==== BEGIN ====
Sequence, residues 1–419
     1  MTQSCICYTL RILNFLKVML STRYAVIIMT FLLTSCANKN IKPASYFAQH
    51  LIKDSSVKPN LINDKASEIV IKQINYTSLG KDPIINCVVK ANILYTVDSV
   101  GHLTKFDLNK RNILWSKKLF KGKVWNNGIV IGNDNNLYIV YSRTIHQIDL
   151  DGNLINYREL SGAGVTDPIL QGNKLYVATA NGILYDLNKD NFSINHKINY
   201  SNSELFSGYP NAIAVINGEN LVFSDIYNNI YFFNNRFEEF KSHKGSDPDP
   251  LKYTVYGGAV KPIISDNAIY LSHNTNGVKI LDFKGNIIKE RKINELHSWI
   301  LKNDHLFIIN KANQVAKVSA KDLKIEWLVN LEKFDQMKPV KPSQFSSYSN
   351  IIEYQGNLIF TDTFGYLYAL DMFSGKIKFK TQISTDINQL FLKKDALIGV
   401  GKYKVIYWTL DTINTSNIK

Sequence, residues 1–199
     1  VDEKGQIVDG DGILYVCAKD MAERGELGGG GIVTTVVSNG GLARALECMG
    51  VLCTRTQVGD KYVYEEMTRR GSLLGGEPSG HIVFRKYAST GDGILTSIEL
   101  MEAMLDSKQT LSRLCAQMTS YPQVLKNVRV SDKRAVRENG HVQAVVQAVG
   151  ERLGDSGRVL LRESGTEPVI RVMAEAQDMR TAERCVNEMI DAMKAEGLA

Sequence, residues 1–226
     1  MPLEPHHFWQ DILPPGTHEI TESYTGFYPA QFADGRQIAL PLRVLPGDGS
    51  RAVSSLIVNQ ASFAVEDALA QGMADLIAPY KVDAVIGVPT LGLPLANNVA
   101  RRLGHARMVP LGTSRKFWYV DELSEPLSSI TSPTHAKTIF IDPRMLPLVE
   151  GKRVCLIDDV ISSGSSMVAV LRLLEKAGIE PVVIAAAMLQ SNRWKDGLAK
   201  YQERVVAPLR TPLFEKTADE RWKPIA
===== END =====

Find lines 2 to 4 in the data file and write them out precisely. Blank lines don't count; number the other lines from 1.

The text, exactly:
     1  MTQSCICYTL RILNFLKVML STRYAVIIMT FLLTSCANKN IKPASYFAQH
    51  LIKDSSVKPN LINDKASEIV IKQINYTSLG KDPIINCVVK ANILYTVDSV
   101  GHLTKFDLNK RNILWSKKLF KGKVWNNGIV IGNDNNLYIV YSRTIHQIDL